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Dreams fading over Cyprus

Wednesday 10 November 2010, by Yavuz Baydar

“The procedure used was a disgrace for the EP,” wrote Joost Lagendijk in this paper a couple of days ago, commenting on its scandalous decision to block further the Direct Trade Regulation (DTR), which was meant to end the isolation of the Turkish Cypriots, as a means to facilitate a fair and speedy settlement on the island’s negotiating communities under the auspices of the United Nations.

It is, indeed. After months of political intrigue and single-minded lobbying, the Greek Cypriot side managed to persuade the majority of the Legal Affairs Committee (of the European Parliament) to vote for the peculiar position that the legal basis for the DTR was the Accession Treaty and not the Lisbon Treaty. It happened against the opposition of the Liberals and the Greens.

What happened beyond blocking facilitation for the settlement — and thus keeping alive the hopes of the Turk Cypriots that they would soon enough be liberated from Turkish hegemony and be part of the EU — was something that could only be explained by sheer stupidity: The Conservatives, acting mainly out of the barely disguised obsession that Turkey should be kept away from the EU accession process as long as possible, and the Socialists, possibly in their mechanical mindset to act in solidarity with their comrade, Dimitris Christofias, basically decided to curb the powers to the European Parliament given to them by the Lisbon Treaty. It is one of those rare cases in which politicians, so keen to enhance their legislative powers, shoot themselves on the foot.

Not stupidity, cynicism, others would say. It may very well be. The fact is, in the case of Cyprus, both walk hand in hand, in full support of each other.

On the other hand, it is understandable if the decision at the Legal Affairs Committee is one of those last nails in the coffin for the dreams of a settlement. “I am not at all surprised, but I think I have had enough,” said a friend of mine. A true liberal long involved in mediating the civilian dialogue process on the island, he elaborated on his frustration: “I witnessed this cynical behavior in Bosnia and Kosovo, and had hoped that Europeans who gave priority to the Christians and left Balkan Muslims more or less to their fate would be wise enough to draw lessons thereof. Alas, the same attitude is very much alive and well on the issue of Cyprus. ‘Make them suffer to submission’ is the motto. It will never work.”

Perceptions count, more than can be imagined. One can only guess how the attitudes in the ongoing talks will be affected by the vote within the EP. It would be worthy to take the pulse of the Turk Cypriots at this stage, but it is clear that not even the European wish to spend efforts to “measure the mood.”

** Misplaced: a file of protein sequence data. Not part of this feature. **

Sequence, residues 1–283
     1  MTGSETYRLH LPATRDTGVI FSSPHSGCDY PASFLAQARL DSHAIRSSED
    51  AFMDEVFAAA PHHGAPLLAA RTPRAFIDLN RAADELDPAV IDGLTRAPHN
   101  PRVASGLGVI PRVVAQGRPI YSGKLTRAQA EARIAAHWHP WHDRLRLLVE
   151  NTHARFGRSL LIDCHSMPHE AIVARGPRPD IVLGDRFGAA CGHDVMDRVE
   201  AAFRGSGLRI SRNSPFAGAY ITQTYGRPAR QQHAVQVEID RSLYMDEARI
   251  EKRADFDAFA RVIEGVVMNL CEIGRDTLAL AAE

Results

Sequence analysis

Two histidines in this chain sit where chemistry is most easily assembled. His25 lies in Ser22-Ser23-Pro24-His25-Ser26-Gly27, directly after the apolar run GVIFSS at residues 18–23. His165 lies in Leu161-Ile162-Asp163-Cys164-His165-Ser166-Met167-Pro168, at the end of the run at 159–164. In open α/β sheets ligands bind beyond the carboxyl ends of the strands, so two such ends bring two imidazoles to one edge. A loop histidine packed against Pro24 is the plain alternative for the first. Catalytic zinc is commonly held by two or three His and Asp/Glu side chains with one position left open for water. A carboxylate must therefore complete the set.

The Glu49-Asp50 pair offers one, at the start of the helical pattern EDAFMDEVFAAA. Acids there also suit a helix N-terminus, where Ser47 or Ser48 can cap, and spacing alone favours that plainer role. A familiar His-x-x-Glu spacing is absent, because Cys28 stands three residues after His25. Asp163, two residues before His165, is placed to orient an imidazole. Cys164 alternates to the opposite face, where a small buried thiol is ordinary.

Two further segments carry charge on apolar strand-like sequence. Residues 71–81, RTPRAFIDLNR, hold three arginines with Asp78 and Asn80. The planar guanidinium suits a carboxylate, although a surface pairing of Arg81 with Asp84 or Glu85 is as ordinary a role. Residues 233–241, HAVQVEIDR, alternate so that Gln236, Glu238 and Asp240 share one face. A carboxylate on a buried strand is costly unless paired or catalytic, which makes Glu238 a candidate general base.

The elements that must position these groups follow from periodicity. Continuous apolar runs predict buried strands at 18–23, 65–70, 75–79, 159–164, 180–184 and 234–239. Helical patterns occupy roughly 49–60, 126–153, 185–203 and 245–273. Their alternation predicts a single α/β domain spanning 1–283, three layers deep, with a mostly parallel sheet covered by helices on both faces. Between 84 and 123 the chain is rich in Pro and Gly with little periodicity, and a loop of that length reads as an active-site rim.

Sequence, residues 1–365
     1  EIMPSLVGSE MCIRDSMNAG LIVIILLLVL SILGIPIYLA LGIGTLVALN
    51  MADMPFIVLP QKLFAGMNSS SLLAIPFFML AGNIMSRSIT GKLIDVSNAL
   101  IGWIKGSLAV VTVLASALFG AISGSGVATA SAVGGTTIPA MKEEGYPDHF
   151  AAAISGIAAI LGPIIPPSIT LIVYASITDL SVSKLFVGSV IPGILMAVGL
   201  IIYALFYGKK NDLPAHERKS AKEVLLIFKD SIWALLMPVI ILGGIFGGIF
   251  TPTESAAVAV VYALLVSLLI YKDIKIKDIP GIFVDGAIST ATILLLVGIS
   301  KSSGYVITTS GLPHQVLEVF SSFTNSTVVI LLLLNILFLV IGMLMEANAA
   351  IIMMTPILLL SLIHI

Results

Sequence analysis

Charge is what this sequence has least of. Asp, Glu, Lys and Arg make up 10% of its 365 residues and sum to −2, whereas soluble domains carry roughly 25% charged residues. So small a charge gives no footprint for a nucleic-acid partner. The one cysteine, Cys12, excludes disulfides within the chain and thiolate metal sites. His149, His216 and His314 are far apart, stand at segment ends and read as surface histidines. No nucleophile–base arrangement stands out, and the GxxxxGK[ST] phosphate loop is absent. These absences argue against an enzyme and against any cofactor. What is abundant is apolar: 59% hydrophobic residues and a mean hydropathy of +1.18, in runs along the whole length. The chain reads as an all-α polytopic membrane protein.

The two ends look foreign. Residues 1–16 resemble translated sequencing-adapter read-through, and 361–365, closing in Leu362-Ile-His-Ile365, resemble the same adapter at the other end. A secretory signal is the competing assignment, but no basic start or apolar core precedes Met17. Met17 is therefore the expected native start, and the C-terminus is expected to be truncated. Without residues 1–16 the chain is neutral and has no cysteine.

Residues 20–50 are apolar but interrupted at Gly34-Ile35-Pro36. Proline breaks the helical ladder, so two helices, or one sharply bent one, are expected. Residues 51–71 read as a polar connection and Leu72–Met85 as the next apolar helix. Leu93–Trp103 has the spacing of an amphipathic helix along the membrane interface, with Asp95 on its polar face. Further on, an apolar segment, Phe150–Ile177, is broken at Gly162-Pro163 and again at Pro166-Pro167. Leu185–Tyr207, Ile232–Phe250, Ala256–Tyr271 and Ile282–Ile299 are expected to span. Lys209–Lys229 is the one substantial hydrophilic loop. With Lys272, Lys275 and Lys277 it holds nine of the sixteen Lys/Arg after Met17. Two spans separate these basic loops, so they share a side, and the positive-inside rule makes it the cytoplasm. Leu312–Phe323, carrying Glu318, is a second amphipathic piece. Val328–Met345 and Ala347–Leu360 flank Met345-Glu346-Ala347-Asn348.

Certainly, many Europeans feel frustrated, and they are justified in doing so. But the fact of the matter is that very few admit that what Lagendijk calls “Cypriot shrewdness” has been dragging the entire EU, like a pet on a leash, into the trap of being minimized to a political tool to destroy all prospects for a fair, lasting solution on the island, and to anger Turkish society “out of EU negotiations.” Shrewdness works, the Greek Cypriots have come far, thanks to the silent agreement with the anti-Turkey block within the EU. The “alliance,” one must commend, has been successful — so far.

Lagendijk is certainly right when he issues a “heads-up” to his decent and honest politician colleagues and says that “the island indeed proved to be a ‘single-issue member state’ that has only one interest: to use its power inside the EU to extract concessions from both the Turkish Cypriots and the Turks.” From this point on, it will be much, much harder to regain the confidence of Turkey’s citizens and Turk Cypriots that the EU is firm and consistent on its moral ground.

An alarmist article like the one you are reading often receives a barrage of critique and name-calling. Most of them are superficial and one-sided. Others are either based on clichés or are “mechanical” — i.e., based on notions that exclude the human side, ethics, trust, justice, hope, etc. in favor of a power game, revenge and one’s superiority over the other.

This is the tragedy of Cyprus, held hostage in the belief that employing all efforts to turn international powers — the EU and, increasingly, Russia — against it will work. Unless a new wisdom within the EU develops, it will only, sadly, extend the suffering, ad infinitum.

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Source : TdZ, 29 October 2010, Friday

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